Production. Production has been part of my student teaching abroad before I even arrived to New Zealand. My cooperating teacher informed that during term 3 Kelson Primary would be hosting a school-wide production. I had some experience with productions when I was in high school and I do love watching shows, but I did not know exactly what I was walking into until the term began.
The production was to be a story about music throughout the decades titled “The Story of my Life.” My Year 6 learners were given last choice, and thus we received the 1920s/1930s – the era of flappers, gangsters and the Charleston. The boys were all excited that they got to be gangsters, but some of the girls pouted about having to wear dresses.
Practice began during my sole teaching. This was a bit scary for me because I don’t have any experience with dance. The Charleston steps are not simple, and so my cooperating teacher said I could (and should) use YouTube clips to help teach the steps. I watched the clips and practiced the steps at home – I was then able to break the steps down. After a few practices, some students really got the hang of the moves. This was fantastic because then we broke the class up into groups to practice the different steps – until everyone felt comfortable with the Charleston.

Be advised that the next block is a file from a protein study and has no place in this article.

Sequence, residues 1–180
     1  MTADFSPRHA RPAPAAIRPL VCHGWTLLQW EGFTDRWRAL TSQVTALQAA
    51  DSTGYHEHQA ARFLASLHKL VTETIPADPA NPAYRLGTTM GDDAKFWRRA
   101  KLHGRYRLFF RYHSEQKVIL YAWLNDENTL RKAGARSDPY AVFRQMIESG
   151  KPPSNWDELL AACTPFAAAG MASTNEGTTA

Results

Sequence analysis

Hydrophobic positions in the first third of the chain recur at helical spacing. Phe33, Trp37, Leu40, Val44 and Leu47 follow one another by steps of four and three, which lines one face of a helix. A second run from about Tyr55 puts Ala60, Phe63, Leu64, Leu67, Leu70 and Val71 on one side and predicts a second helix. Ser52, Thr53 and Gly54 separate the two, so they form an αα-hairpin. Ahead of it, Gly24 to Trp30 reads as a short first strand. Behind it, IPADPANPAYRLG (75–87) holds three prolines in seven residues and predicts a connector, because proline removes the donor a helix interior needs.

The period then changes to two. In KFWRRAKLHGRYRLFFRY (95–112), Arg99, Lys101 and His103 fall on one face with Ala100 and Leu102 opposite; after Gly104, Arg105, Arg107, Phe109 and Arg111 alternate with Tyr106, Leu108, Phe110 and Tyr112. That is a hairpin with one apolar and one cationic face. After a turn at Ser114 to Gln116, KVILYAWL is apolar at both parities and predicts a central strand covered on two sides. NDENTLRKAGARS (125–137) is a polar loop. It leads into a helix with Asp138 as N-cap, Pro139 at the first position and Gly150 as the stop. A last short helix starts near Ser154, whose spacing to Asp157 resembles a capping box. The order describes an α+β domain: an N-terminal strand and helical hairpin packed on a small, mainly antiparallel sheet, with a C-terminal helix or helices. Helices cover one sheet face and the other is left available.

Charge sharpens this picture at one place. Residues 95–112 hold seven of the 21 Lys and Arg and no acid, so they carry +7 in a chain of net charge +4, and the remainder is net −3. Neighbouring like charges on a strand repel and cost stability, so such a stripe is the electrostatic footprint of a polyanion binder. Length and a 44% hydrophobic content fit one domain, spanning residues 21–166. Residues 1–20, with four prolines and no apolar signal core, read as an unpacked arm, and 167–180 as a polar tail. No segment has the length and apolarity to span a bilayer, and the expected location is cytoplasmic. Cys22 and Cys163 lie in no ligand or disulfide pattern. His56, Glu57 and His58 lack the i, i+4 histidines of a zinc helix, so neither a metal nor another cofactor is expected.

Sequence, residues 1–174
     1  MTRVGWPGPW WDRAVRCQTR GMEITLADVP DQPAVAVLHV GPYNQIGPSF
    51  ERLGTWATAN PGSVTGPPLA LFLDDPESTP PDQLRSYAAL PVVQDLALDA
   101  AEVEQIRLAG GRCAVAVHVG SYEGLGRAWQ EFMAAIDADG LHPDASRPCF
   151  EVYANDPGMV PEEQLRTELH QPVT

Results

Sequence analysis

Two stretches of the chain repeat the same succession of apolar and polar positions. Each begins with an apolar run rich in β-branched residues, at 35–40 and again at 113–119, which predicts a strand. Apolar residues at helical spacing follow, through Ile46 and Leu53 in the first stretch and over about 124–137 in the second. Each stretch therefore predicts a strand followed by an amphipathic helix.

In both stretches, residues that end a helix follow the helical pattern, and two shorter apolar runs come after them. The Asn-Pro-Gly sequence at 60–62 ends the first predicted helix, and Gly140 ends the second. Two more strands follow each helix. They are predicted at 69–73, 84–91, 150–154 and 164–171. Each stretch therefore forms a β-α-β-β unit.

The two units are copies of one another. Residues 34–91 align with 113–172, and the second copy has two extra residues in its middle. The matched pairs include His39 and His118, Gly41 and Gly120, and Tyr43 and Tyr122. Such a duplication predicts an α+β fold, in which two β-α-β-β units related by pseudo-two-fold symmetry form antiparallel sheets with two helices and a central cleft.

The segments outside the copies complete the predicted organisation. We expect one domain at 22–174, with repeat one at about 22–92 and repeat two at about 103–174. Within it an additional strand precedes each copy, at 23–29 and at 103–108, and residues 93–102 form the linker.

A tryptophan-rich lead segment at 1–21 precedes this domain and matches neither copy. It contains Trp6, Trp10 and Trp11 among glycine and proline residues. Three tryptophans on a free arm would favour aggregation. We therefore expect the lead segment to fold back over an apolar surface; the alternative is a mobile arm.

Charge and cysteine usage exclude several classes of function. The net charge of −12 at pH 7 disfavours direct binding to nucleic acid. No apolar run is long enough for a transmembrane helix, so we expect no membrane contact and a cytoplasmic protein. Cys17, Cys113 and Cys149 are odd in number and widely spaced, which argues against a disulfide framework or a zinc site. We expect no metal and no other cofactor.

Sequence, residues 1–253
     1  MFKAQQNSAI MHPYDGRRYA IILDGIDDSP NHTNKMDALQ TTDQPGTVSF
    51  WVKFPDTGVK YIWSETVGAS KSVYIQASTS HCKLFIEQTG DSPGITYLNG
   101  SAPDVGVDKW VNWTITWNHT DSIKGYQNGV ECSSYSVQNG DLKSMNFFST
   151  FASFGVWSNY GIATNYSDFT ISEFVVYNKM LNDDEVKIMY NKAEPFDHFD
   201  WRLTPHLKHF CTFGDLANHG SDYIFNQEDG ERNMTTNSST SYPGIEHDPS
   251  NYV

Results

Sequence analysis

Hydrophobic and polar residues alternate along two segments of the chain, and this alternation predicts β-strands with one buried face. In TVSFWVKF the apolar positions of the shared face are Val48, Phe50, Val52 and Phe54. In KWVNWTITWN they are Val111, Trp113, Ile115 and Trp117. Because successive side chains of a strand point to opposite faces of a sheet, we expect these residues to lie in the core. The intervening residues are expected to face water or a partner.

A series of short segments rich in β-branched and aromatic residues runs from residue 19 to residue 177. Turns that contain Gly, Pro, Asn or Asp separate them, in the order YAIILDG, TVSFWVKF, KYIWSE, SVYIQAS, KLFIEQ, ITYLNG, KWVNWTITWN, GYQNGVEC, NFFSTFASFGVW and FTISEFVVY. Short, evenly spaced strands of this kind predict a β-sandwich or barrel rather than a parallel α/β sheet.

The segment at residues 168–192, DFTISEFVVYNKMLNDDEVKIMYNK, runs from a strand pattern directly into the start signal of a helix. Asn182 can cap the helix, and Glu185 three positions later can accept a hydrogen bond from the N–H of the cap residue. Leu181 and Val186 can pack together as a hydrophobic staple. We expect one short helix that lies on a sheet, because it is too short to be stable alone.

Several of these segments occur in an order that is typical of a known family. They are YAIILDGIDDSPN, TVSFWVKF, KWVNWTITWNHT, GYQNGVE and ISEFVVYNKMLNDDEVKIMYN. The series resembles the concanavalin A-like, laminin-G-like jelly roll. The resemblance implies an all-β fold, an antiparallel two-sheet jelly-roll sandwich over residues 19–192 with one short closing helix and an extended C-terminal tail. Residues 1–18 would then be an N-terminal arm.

After my sole teaching was done, my cooperating teacher took over with the choreographing, and within a week we had a fantastic 10 minute number for the Production. With 10 minutes of nonstop action, and my kids getting to the age of puberty, we found we had to keep the windows open to cool down (and air out) the classroom.
The last two weeks of term were used to polish our production piece, and the students worked really hard to make sure that their piece was funny, sassy, and timeless. At each whole school run through, I saw each decade get better and better, but I was very proud of my students and what they accomplished with this difficult dance.
I will never forget the production. Watching the final performances was amazing. So much work and effort went into the production, and it was all seen on stage. At the show there was “ooo’s” and “aww’s”, laughter, and lots of clapping. I experienced firsthand how much time a production can take. But when you do take the time, it is all worth it in the end. This experience taught me so much, and I will take all this knowledge into my career.
Cierra Bartol-Byers, a senior elementary education major at the University of Wisconsin-Stevens Point, is blogging about her study abroad experience in Namibia and New Zealand.